The Score: Iran Sanctions, Religious Liberty, Amazing Grace, Virginia Demographics
This week on The Score – Do economic sanctions succeed as tools of foreign policy? Is religion good for liberalism or is liberalism good for religion? How did the Civil War change the patterns of Virginia’s population? Is the Trump administration’s Iran policy clever or catastrophic?
We have a really packed show this week, including Tim Hulsey’s reviews of two family-friendly movies.
Let’s start with Doug Bandow, a senior fellow at the Cato Institute. He is the author of Beyond Good Intentions: A Biblical View of Politics (1988) and Foreign Follies: America’s New Global Empire (2006). Last week he wrote an article for The American Spectator headlined “The Problem with Sanctions: Feel Good Versus Effective Policy.” In it, he writes:
Sanctions can be a useful foreign policy tool. But economic warfare is no panacea. Indeed, so far the administration’s reliance on economic penalties has been a bust. They have proliferated without having any visible impact on the conduct of Cuba, Iran, North Korea, Russia, or Venezuela. Administration officials appear to be fulfilling the classic definition of insanity — doing the same thing while expecting a different outcome. The president needs to take control of his foreign policy and emphasize results over politics.
I asked him about sanctions policy on Wednesday afternoon in Washington, and also asked him to comment on the meeting in Vladivostok between Russian president Vladimir Putin and North Korean dictator Kim Jong Un. (Bandow is co-author, with Ted Galen Carpenter, of the 2004 book, The Korean Conundrum: America’s Troubled Relations with North and South Korea.)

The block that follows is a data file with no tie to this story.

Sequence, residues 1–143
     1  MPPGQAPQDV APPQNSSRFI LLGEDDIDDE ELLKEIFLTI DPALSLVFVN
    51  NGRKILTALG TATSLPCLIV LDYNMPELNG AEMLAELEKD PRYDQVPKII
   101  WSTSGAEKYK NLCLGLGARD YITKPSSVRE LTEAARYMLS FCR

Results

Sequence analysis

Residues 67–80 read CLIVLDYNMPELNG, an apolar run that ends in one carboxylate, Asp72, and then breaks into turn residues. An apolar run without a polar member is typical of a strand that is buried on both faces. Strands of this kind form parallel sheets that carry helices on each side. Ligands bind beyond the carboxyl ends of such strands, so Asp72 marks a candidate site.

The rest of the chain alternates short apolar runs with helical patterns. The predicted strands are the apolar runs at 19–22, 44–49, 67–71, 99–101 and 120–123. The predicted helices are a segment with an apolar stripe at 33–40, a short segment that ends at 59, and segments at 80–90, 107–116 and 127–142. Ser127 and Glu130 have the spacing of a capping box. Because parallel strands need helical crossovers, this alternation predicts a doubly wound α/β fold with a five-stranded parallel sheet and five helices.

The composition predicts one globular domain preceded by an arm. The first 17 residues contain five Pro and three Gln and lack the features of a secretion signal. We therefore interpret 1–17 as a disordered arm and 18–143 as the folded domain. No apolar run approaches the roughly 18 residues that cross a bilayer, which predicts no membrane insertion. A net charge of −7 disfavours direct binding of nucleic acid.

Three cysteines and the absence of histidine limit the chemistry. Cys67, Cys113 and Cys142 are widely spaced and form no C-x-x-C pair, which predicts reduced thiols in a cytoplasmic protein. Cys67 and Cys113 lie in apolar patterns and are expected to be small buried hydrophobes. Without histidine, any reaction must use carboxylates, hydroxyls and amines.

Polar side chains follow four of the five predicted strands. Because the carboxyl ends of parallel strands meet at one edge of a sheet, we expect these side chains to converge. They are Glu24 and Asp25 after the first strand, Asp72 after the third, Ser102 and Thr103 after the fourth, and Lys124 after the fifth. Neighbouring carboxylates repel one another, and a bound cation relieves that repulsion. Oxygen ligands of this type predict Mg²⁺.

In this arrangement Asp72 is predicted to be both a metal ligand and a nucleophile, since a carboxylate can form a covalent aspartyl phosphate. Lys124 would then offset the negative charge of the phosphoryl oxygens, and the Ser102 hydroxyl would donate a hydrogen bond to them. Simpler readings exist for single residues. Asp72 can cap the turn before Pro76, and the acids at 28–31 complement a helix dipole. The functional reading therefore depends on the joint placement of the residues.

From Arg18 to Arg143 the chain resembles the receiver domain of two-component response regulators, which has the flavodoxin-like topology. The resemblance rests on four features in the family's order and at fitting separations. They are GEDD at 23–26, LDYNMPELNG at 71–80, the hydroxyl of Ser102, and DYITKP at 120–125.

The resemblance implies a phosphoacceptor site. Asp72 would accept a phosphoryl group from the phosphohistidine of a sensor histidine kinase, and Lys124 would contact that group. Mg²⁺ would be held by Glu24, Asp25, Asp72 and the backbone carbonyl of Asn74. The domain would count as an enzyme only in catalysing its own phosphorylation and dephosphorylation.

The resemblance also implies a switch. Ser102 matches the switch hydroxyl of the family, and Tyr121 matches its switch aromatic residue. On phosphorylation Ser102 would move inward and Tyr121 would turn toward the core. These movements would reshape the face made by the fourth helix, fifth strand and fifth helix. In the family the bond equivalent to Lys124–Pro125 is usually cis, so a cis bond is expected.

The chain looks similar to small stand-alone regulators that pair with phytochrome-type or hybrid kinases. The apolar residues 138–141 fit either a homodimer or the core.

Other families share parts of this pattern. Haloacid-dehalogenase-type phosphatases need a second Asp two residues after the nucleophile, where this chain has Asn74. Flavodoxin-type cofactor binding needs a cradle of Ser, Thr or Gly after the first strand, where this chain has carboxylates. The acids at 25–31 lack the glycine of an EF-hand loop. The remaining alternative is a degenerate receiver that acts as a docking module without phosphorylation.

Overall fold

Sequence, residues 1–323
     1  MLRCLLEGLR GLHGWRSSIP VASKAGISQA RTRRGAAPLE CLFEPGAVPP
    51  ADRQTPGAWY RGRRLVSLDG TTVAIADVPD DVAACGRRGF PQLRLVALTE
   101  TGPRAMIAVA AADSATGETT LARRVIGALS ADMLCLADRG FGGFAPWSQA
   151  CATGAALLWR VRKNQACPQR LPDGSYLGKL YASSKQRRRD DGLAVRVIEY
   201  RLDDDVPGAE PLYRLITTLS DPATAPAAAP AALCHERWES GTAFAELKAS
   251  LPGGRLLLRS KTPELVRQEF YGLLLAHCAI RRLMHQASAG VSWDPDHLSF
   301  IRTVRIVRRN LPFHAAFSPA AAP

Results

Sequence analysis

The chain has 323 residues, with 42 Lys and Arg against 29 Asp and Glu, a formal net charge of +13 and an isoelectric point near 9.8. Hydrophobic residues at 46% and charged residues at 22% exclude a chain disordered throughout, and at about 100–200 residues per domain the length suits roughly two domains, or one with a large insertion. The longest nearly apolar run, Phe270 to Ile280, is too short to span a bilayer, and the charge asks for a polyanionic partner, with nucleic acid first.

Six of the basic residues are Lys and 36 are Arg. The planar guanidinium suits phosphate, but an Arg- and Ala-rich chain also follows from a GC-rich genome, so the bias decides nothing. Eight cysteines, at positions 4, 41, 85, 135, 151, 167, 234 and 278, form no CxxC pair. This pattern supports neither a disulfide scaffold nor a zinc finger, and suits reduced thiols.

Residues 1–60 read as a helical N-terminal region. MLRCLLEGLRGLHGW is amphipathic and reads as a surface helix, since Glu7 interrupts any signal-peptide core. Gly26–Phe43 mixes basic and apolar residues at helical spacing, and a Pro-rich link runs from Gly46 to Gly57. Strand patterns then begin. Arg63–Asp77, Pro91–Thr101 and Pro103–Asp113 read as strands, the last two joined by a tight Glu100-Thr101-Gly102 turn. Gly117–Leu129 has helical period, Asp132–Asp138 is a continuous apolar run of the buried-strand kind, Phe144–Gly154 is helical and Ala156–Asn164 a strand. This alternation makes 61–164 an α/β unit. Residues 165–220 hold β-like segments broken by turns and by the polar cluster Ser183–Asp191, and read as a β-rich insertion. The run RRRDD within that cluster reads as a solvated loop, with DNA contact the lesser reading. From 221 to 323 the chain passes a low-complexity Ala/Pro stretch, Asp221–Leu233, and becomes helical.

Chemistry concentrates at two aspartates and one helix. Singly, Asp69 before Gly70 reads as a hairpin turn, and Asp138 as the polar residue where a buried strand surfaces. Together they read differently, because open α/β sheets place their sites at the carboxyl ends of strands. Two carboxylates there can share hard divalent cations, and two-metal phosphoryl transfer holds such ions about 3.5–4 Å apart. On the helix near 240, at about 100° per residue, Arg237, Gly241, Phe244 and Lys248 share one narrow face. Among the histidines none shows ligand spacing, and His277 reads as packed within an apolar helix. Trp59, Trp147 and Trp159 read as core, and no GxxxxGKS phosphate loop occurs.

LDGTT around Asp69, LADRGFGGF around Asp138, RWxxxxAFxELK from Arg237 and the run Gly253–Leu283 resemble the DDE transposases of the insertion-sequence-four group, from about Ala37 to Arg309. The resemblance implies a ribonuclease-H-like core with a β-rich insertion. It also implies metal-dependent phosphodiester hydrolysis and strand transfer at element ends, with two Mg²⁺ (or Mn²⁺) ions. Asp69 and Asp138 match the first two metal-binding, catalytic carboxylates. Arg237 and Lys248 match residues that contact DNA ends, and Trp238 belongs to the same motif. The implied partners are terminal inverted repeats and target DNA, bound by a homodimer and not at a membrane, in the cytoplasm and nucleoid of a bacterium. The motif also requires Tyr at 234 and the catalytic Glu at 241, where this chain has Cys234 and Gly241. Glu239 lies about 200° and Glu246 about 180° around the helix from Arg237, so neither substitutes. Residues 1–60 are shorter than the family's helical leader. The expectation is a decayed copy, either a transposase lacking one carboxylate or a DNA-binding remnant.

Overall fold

Virginia’s Post-Civil War Population
Using census records from the 1860s and 1870s, demographic researchers at the Weldon Cooper Center for Public Service at the University of Virginia have been exploring how Virginia’s population changed as a result of the Civil War. The results were not entirely what you might expect.
Using census age groups to predict Virginia’s 1870 population shows that the state would have been expected to experience another decade of steady growth, adding approximately 229,000 new residents. Economic trends at the beginning of the 1860s seem to support this. The Norfolk and Petersburg railway had just been completed, providing Virginia with a direct railroad connection to its largest ports. Meanwhile the Covington and Ohio railroad was being constructed through the Alleghany Mountains to connect eastern Virginia to western Virginia and to the Midwest beyond.
However, the 1860s turned out very differently from previous decades. Five years after the war ended, the 1870 census showed that Virginia and what is now West Virginia’s population had only increased by 71,000 residents during the 1860s, 157,000 (or 9 percent) fewer residents than expected in 1870. The Library of Virginia’s database of military deaths counted just under 33,000 Virginia soldiers who died in the war, but most of the 157,000 missing residents probably had left Virginia during the 1860s. Some of the missing residents were likely civilians who also died during the war, were soldiers who have not yet been counted, or were children that were never born because their parents died or were dislocated by the war.
I spoke to state demographer Hamilton Lombard about the study at his office in Charlottesville. We met on Thursday afternoon.
Religion and Liberalism
Last week the Cato Institute hosted a panel discussion on the question, “Is Liberalism Good for Religions?” The panel included Mustafa Akyol, Dan Philpott, Joe Loconte, and moderator Doug Bandow.